The FBI is investigating its own Twitter account after it started sharing documents relevant to the election.
The Bureau launched the probe after one of its verified accounts @FBIRecordsVault, which had been unactive for almost a year, suddenly began spouting files, Think Progress reported.
One described Donald Trump’s father Fred as a ‘philanthropist’ while another mentioned President Bill Clinton’s controversial pardon of Marc Rich, the trader who made illegal deals with Iran while his wife donated to the Democrats.
The FBI’s assistant director in the office of professional responsibility, Candice Will, said they are looking into what happened, reports the outlet.
On October 30, the account, which had been dormant since October 8 of last year, suddenly sprang to life.
There was a tweet posted about Donald Trump’s father, Fred, and led to an eight-page document on him.
The document lists a history of his businesses and investments and the FBI’s request for a ‘name check.’
‘Fred C. Trump: Fred C. Trump (1905-1999) was a real estate developer and philanthropist,’ the tweet said.
That day, the account also tweeted about documents relating to Hillary Clinton: ‘Hillary Rodham Clinton served as U.S. Secretary of State from January 21, 2009 to February 1, 2013. The FBI conducted an investigation into allegations that classified information was improperly stored or transmitted on a personal e-mail server she used during her tenure.’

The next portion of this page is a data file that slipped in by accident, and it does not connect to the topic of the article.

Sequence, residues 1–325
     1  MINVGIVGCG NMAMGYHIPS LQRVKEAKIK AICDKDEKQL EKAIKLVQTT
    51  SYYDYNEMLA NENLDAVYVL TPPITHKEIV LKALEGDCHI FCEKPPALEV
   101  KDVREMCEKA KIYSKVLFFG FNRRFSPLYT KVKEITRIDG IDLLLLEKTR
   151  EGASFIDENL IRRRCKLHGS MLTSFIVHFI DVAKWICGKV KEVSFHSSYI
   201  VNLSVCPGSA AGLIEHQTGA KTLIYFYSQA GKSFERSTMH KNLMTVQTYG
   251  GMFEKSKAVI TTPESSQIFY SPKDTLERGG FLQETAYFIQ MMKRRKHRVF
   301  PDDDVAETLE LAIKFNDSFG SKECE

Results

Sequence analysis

The tweet included a 47-page document on the email investigations.
The account also released many other tweets that had nothing to do with the presidential candidates
It included aerial surveillance footage on the Baltimore protests in 2015 and documents related to Serbian-American inventor Nikola Tesla.
On November 1, the account tweeted about the Clinton Foundation and the 2001 FBI investigation of Clinton’s pardon of Marc Rich, the ex-husband of Denise Rich, the songwriter who had given $1million to the Democratic party and $100,000 to Hillary Clinton’s Senate campaign.
Rich was in Switzerland when he was indicted on charged of tax evasion and making illegal oil deals with Iran.
At question would be whether the documents, released eight days before the general election, might influence them, which is against federal law.
Earlier, the FBI had said that the tweets were in response to Freedom of Information Act (FOIA) requests.
‘By law, FOIA materials that have been requested three or more times are posted electronically to the FBI’s public reading room shortly after they are processed. Per the standard procedure for FOIA, these materials became available for release and were posted automatically and electronically to the FBI’s public reading room in accordance with the law and established procedures,’ the agency stated.
SOURCE: KIRI BLAKELEY